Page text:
There is still plenty of price promotion occurring in supermarkets, but this is now being coupled with messaging about quality, provenance and choice. Even Asda’s new chief executive Andy Clarke has said the supermarket will be driving as hard on quality as on price.

This shift has come at a time when consumer attitudes about price are beginning to change. According to the latest 2010 Global Monitor research from The Futures Company, the priority that consumers placed on price during the recession has weakened slightly during the past year. Some 53% of consumers agree that price is more important to them than brand names, down from 57% in 2009. The study also offers good news for brands with 39% of consumers agreeing with the statement that “it’s best to buy famous brands because you can rely on their quality”, up from 34% last year.

The Futures Company’s executive chairman J Walker Smith says the changes may be small, but are notable, and signal “the start of a long-awaited reversal in attitudes”. But it remains to be seen whether this report marks the beginning of a much-needed reversal in price-based sales promotions.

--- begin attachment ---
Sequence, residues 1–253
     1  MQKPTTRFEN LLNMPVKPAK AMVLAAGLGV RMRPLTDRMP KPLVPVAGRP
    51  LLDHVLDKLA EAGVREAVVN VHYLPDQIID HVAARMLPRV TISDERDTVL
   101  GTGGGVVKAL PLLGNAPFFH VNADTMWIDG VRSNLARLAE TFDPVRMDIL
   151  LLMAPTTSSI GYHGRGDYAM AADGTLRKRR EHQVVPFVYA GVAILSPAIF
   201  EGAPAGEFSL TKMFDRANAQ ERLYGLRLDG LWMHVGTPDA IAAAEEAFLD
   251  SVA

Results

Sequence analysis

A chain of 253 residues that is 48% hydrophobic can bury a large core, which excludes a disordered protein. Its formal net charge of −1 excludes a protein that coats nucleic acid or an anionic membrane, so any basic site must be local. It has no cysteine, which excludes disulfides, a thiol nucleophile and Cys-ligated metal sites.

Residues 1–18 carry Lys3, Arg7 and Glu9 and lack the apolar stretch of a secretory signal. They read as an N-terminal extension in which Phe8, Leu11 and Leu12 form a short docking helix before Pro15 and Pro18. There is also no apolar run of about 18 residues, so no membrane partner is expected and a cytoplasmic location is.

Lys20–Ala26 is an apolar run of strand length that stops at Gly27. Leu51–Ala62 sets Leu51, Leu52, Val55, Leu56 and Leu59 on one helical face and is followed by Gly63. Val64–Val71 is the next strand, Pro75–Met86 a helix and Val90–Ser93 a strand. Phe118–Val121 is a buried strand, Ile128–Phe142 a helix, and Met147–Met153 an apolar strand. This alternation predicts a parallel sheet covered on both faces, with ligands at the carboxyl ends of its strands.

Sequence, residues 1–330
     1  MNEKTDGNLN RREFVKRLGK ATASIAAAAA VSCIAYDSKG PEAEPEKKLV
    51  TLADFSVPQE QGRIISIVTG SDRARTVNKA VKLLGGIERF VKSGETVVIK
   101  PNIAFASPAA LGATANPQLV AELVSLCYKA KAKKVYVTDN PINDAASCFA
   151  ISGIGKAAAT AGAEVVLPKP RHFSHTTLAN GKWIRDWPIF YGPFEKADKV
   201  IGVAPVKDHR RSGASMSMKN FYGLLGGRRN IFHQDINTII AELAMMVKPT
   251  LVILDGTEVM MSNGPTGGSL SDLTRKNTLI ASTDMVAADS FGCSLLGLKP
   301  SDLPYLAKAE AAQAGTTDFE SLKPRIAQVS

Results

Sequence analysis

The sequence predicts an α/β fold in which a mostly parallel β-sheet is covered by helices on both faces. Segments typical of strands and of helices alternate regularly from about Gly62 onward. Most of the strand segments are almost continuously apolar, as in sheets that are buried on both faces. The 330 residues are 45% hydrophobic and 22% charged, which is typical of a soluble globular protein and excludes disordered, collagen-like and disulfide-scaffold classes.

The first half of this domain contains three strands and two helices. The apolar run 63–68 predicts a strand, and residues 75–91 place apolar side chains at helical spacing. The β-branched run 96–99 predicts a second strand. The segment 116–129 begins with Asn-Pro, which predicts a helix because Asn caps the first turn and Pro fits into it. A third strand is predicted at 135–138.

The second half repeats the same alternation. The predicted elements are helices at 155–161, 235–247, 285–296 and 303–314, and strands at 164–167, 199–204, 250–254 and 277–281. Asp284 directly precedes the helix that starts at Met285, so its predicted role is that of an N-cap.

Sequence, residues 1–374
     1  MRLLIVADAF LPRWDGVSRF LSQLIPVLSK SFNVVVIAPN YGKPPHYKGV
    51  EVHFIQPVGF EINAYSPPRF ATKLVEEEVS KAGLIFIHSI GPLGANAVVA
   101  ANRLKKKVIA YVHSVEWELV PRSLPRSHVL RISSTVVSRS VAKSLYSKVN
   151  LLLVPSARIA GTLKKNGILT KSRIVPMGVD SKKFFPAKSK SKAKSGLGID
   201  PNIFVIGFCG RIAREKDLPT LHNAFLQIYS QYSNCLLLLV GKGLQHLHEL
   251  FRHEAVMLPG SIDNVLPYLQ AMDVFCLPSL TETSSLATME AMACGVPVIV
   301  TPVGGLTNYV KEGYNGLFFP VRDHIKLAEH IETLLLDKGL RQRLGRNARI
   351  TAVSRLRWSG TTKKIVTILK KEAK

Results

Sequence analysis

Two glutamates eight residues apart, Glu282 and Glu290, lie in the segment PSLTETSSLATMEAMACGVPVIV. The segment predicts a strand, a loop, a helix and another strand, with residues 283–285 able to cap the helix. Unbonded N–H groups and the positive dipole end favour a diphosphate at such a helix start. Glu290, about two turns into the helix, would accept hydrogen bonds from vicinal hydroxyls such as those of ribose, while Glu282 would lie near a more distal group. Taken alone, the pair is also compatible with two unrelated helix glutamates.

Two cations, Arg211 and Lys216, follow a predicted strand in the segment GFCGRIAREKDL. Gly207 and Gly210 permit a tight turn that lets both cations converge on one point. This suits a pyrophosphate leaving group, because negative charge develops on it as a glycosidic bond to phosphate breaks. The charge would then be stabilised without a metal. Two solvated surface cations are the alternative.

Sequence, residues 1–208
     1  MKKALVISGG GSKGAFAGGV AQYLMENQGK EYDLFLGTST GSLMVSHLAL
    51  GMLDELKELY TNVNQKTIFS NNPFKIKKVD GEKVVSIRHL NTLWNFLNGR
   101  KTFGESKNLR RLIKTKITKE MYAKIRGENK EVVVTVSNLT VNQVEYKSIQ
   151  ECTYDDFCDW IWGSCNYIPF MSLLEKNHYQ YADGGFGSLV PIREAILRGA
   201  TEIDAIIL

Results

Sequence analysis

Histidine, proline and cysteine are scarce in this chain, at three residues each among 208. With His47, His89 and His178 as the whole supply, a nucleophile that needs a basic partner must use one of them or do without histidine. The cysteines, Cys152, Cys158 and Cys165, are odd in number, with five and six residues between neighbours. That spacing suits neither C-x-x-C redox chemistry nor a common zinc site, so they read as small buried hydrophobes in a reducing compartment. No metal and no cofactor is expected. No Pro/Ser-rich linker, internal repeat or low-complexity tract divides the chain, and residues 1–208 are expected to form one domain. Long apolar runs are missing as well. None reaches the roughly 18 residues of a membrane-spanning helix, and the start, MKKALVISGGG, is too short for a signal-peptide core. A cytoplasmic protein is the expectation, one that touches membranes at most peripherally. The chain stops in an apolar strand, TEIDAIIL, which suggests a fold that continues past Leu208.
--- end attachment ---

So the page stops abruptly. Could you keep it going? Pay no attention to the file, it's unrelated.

Innovation Station

I’m currently on the lookout for ambitious design professionals to join my award winning design team here at Valley Head office, West Yorkshire!

We have 3 openings that we require to fill quickly.

Middleweight P-O-P Designer -3-5 years experience
Thick skinned & bursting with creative juices!
You’re a talented 3D designer with the initiative to run projects from sketch to 3D alone or part of a team. A passionate & holistic approach to design means you can “see with shopper’s eyes” & inspire those around you to realise outstanding in store solutions under tight deadlines. Exceptional 3Dmax, CS3 & sketching skills are a must.